Title:
TELEVISION RECEIVER CUT-IN DEVICE
United States Patent 3639686
Abstract:
A market-testing television system which may be utilized with present day television systems and is capable of selecting specific sections of a general audience listening to a conventional channel and providing an auxiliary program for the selected sections.


Inventors:
Walker, Harold R. (Metuchen, NJ)
Kamen, Ira (New York, NY)
Application Number:
04/819232
Publication Date:
02/01/1972
Filing Date:
04/25/1969
Assignee:
Homarket Inc. (Bridgeport, CT)
Primary Class:
Other Classes:
348/E7.063, 380/240, 455/151.1, 455/179.1, 455/527, 725/24, 725/25, 725/32, 725/33, 725/34, 725/35
International Classes:
H04N7/16; (IPC1-7): H04B1/06
Field of Search:
325/392,466,64,5.1 178
View Patent Images:
US Patent References:
3521198ELECTRONICALLY CONTROLLED DELAY LINE1970-07-21Kaiser et al.
2330241Radio receiving device1943-09-28Roberts
2202432Control means for a radio receiver1940-05-28Santucci
Primary Examiner:
Griffin, Robert L.
Assistant Examiner:
Stout, Donald E.
Claims:
We claim

1. An apparatus for use in combination with TV receiving means whose tuner is preset at a predetermined signal frequency, for remotely selecting portions of a general TV receiving audience to view an auxiliary program, the apparatus comprising:

2. The apparatus as described in claim 1 wherein said information signals are radiofrequencies comprising:

3. The apparatus as described in claim 2 wherein the auxiliary information signals and control signals are radiofrequencies other than said information radiofrequencies, comprising:

4. The apparatus as described in claim 3 wherein said third subcarrier coded information signal comprises signal tones for frequency modulating said third subcarrier.

5. The apparatus as described in claim 4 wherein said third subcarrier coded information signal comprises digital pulses for frequency modulating said third subcarrier.

6. The apparatus as described in claim 1 wherein said first means for receiving said information signals comprises:

7. The apparatus as described in claim 6 wherein said second means for receiving said auxiliary information signals and control signals comprises:

8. The apparatus as described in claim 7 wherein said second input from said information receiving means is mechanical.

9. The apparatus as described in claim 7 wherein said second input from said information receiving means is electrical.

10. The apparatus as described in claim 1 wherein said first means for receiving said information signal comprises:

11. The apparatus as described in claim 10 wherein said second means for receiving said auxiliary information signals and control signals comprises:

12. The apparatus as described in claim 11 wherein said occupation address module includes a multiplicity of modules each capable of transforming personal viewer data into a pulse code group and being connected to the input of said comparison means.

13. The apparatus of claim 1 wherein said switching means is an electromechanical device.

14. The apparatus of claim 1 wherein said switching means is a solid state device.

15. The apparatus of claim 1 wherein said means for converting said information signals and said auxiliary information signals comprises:

16. The apparatus of claim 1 wherein said first and said second transmission lines are utilized in common.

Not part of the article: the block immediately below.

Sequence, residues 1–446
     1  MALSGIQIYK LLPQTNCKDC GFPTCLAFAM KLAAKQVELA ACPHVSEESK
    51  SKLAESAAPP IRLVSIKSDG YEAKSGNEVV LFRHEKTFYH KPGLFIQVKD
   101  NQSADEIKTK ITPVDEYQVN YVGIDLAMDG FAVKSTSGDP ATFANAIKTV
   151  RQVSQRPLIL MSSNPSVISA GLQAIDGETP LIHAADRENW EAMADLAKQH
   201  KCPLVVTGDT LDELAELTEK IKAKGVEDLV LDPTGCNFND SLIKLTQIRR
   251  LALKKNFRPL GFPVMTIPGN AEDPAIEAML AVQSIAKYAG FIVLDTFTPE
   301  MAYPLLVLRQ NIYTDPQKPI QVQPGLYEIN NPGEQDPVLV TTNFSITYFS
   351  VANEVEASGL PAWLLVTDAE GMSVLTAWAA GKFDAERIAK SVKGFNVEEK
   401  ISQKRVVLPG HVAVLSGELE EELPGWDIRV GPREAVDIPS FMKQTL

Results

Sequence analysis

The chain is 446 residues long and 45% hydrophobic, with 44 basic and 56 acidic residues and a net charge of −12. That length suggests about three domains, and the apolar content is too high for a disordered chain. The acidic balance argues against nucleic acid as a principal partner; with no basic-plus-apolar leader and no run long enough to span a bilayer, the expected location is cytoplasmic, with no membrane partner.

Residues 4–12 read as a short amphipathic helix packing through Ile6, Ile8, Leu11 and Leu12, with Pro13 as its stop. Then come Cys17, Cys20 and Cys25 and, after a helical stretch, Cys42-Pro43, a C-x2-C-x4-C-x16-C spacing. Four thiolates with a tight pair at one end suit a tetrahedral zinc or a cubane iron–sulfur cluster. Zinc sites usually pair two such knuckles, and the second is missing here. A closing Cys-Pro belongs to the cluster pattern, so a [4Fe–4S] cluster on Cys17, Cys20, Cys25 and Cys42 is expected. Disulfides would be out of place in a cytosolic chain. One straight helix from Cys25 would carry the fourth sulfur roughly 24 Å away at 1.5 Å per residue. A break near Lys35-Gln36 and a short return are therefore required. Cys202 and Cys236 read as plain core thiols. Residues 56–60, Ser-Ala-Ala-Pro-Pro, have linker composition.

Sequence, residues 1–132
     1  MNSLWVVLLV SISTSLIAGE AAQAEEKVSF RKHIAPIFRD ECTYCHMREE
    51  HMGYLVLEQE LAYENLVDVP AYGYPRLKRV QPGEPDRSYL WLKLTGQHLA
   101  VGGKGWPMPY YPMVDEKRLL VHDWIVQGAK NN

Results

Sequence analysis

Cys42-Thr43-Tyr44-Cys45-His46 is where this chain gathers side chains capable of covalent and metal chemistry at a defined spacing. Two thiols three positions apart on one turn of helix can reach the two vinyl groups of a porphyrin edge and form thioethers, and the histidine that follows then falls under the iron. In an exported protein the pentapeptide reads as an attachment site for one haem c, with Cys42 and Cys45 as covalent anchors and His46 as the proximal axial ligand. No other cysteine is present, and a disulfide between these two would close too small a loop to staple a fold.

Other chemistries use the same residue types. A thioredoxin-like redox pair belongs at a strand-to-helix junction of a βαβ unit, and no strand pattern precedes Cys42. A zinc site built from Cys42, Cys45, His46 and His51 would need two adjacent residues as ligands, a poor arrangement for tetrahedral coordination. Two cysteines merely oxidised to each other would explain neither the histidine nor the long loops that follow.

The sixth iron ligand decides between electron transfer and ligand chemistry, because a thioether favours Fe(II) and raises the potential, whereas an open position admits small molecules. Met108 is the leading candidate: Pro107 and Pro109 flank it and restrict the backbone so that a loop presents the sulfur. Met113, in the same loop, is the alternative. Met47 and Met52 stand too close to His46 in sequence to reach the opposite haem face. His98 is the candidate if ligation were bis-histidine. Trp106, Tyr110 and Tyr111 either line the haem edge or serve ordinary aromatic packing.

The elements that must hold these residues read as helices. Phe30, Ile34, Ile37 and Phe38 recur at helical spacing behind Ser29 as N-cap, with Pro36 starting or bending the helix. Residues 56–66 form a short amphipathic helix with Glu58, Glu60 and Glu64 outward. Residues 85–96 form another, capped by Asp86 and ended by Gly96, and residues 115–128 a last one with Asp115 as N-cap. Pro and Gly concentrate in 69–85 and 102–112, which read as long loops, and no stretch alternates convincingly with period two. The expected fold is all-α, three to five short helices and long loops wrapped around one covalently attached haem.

17. The apparatus as described in claim 3 wherein said coded information is amplitude modulated on said third subcarrier.

18. In combination, a TV receiving means and an apparatus for remotely selecting portions of a general TV viewing audience to view an auxiliary program, said combination comprising:

Description:
BACKGROUND OF THE INVENTION

In our present day economy mass distribution must be made of most consumer products for their sale to be profitable. Therefore, merchandising and marketing men continually search for effective marketing programs.

In the publication field it is common practice to employ a split run of a magazine or newspaper in which different advertising formats for the same product are presented. The response to each of the formats is then compared. The system to be described hereinafter accomplishes the effect of a split run with respect to a television viewing audience. The system of this invention may also be used to determine customer response to different products by employing commercials presenting different products and again splitting the audience. Frequently manufacturers require this information before committing them selves to full-scale production. The conventional methods utilized to obtain customer reaction includes but is not limited to personal polls done by canvassers, telephone polls, mail polls, where the prospective customers are asked to fill out forms and voice their opinion for a particular product. In some cases this may include a sample of the product which will be presented to the general public at a later date. The problem of obtaining a specific cross section of the general public becomes one of momentous undertaking since it would require that a list of people in this particular category be generated and maintained. These lists are generally involuntary and the response is a very small percentage of the actual number of customers solicited. The present invention has the advantage of requiring that the prospective customers volunteer their services or be remunerated for the work they will be doing. This insures a rather large percentage of answers to specific questions. In addition, when a prospective customer agrees to have the market-testing system installed, the background information on the prospective customer may be obtained, such as occupation, martial status, number of children, etc., etc. Thus, a comprehensive list can be complied and any specific subgroup may be addressed according to the needs of the various marketing people who may be interested in using this system. In addition, each volunteer who has the market-testing television system installed may be rewarded by having special program information being put on the auxiliary channels which are described hereinafter which would not be accessible to nonvolunteers. This would act as a further incentive to obtaining prospective customers to permit the installation of this market testing system.

The present invention provides a means of testing the effectiveness of an advertising commercial on any specific group desired.

A different object of this invention is to provide a quick, inexpensive, efficient means of obtaining a public opinion poll.